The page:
Matthew Steers’ Women in Business breakfast tackles mental health and wellbeing in the workplace
From humble beginnings five years ago, Matthews Steers’ quarterly Women in Business (WIB) breakfast has now evolved into a leading event on the calendars of many inspiring women across Melbourne.
With this most recent instalment held at Hyatt Place the day after RUOK Day, the group of inspiring women from wide-ranging industries and companies, spoke openly and candidly about mental health issues which they have faced both personally and within their respective workplaces.
Mental health does not discriminate, with 20% of Australians aged 16-85 experiencing a mental illness in any year*. The broad scope of the term also means that it does not just stop with individuals suffering from depression, but also encompasses anxiety disorders, substance abuse, psychotic disorders, personality disorders, eating disorders and trauma-related disorders.
So what does this mean for business?
Mental illness is prevalent and can be debilitating, not only for the individual experiencing it, but also – sometimes – for those around them. This can be particularly true in the workplace where colleagues can experience the knock-on effect of seeing someone struggling.They may feel frustrated at not being able to help, and may find themselves taking on an increased workload due to their colleague’s loss of productivity.
With many of the WIB attendees holding executive and managerial roles, the focus firstly turned to strategies and techniques business owners and managers can adopt to help ease the burden of mental illness in the work environment.
First and foremost, all agreed that ‘planning for change’ was critical which meant including this in an ongoing business plan. As one attendee noted, a business plan “isn’t legislation” and therefore is meant to evolve according to your business’s needs. From a managerial perspective, this means having contingency plans in place to help aid with things like workflow and productivity should an unexpected mental health issue arise with an employee.
Building a safe environment is also paramount to fostering the mental wellbeing of your employees. This strategy has become even more common in recent years thanks to powerful initiatives like RUOK Day because they promote self awareness and confidence, and empower people to talk about their mental health struggles without judgement.
Attendee Rae Bonney, who is a prominent workplace wellbeing specialist and mental health advocate, shared a story for those who are unsure of what to say to someone who is struggling, or what the ‘right’ thing to say is.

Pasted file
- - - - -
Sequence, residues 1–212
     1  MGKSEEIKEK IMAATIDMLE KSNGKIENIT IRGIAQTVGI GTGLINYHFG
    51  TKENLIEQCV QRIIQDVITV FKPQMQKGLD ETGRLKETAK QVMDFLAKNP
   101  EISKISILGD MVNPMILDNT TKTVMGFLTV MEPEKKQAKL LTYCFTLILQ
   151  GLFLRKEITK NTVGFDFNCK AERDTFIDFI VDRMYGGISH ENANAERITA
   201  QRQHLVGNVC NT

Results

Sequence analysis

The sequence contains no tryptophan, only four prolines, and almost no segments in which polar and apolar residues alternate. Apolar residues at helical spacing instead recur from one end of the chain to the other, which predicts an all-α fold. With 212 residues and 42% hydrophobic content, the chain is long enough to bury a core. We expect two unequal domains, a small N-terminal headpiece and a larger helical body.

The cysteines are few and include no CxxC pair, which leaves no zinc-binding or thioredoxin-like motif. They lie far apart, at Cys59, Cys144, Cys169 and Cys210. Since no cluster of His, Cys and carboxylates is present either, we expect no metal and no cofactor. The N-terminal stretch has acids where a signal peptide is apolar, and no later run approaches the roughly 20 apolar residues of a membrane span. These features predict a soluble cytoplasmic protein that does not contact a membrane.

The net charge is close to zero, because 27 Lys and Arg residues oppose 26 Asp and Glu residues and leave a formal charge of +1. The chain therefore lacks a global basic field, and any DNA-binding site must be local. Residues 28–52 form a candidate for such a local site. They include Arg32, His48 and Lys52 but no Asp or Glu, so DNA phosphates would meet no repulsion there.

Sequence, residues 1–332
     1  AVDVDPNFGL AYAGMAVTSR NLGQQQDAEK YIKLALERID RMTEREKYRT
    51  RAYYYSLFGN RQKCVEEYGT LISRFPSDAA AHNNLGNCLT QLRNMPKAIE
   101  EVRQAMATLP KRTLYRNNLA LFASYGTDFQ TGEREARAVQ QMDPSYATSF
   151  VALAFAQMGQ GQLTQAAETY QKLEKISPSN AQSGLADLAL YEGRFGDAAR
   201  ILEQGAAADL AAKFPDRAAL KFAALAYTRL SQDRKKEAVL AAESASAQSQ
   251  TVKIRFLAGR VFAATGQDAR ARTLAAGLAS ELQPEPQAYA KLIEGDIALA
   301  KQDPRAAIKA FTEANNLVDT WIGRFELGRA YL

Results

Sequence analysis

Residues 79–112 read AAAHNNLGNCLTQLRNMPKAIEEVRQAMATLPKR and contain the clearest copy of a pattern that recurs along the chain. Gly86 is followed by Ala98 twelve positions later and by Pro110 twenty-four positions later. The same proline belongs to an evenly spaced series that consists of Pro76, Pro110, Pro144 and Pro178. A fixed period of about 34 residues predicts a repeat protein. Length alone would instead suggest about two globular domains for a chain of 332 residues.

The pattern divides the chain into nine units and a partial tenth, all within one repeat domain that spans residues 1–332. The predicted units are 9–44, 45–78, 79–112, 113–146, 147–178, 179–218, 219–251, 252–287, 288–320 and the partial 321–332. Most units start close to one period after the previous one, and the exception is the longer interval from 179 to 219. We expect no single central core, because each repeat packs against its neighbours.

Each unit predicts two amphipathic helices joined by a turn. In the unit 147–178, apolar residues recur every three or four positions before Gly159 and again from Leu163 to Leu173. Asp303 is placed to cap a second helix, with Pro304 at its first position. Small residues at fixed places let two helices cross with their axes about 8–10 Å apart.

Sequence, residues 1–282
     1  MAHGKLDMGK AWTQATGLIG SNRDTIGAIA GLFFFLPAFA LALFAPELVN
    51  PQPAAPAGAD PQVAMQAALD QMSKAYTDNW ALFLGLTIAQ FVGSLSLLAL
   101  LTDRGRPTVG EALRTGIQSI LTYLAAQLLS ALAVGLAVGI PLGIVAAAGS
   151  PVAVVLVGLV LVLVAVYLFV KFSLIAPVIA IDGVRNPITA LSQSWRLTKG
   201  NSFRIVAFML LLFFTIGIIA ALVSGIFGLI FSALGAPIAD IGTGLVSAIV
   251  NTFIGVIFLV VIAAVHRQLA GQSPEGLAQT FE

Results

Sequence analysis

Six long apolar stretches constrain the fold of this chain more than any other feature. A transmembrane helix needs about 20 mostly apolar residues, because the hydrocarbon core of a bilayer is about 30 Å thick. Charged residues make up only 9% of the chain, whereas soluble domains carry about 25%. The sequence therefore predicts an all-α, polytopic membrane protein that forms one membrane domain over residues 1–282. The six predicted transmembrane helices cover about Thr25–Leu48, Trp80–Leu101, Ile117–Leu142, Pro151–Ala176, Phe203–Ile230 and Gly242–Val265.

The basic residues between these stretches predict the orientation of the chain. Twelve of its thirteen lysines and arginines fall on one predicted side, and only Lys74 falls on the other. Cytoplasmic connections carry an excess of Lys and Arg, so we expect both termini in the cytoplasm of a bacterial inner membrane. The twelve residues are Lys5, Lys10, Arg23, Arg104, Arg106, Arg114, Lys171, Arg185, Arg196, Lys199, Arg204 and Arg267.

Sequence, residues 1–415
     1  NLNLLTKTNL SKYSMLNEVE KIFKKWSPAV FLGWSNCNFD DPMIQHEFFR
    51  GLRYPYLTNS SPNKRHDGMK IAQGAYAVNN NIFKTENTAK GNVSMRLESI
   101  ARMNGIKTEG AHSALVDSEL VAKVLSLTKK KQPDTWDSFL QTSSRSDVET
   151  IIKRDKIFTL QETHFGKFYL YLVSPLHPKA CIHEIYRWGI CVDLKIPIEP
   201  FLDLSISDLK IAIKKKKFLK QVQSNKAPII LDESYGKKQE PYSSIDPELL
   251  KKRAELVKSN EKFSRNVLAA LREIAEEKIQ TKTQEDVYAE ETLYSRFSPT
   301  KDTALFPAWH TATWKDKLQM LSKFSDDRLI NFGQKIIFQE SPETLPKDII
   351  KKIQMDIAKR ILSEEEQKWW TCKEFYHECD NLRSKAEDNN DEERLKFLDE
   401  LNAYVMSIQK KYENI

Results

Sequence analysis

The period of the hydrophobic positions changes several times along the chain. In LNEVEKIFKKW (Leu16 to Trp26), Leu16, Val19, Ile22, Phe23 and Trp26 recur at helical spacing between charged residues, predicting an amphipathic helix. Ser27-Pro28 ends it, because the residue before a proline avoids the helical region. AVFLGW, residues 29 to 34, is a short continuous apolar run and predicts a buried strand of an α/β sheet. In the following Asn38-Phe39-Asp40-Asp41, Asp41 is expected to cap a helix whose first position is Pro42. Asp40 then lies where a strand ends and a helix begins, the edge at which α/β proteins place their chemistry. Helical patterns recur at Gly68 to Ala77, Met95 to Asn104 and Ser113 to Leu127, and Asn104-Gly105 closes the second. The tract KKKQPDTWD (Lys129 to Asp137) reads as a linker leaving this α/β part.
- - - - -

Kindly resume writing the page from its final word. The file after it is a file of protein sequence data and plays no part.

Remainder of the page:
“A woman asked me what it felt like being me and it was the first time in my life that someone was asking me what it feels like rather than ‘what I’ve got, when am I going to recover, what medication I’m on…’ It was the most inspiring moment of my life,” said Rae.
Ultimately though it is important for a business and manager to acknowledge that while they care deeply for their staff, they are generally not trained mental health professionals, and they will not be able to ‘fix’ problems quickly.
“You can’t expect to solve a big issue in a day. It’s a journey,” said Rae.
While a business and manager can certainly adopt strategies to help an individual – and have a duty of care to do so – it is important to recognise that the onus should not – and does not – fall solely on the business and management team.
Rae explained that it is important for an individual to develop a ‘ self management plan’ by asking themselves these three questions:
What are my challenges/struggles?
What can I do to help myself?
How do I enable myself to carry help myself?
“This enables the person to manage, and shifts the accountability from the organisation,” said Bonney. “We’re all responsible for our own health.”
Placing focus on individual accountability and personal responsibility can also help promote resilience.
“Quite often we don’t reflect on what we have got through... Instead sit in these rooms or these forums trying to learn how to ‘be’ (resilient), not recognising the resilience we already have and drawing on that.” Rae said.
In the workplace it is about identifying and “managing multiple people with different levels of resilience” said Matthews Steer General Manager and Director Catherine Duncan.
When it comes to building and maintaining a strong mental foundation, Catherine also touched on the importance of both employees and employers acknowledging and savouring their successes.
“We’re always too quick to go from one goal to the next. We should take time to stop and celebrate each win and acknowledge it to ourselves,” said Catherine.
“I love going to an AFL game because of the massive ups/downs – and the roar of success when a team kicks a goal. That’s what keeps us pumping our fists and moving forward.”
Taking many valuable lessons from the morning, all this month’s WIB attendees agreed that, as managers and key players of their chosen business, they all can work towards changing the narrative when it comes to mental health in the workplace.
Asmall step now that will undoubtedly have a huge impact in the future.
If you’re interested in attending Matthews Steer’s Women in Business events please email firstname.lastname@example.org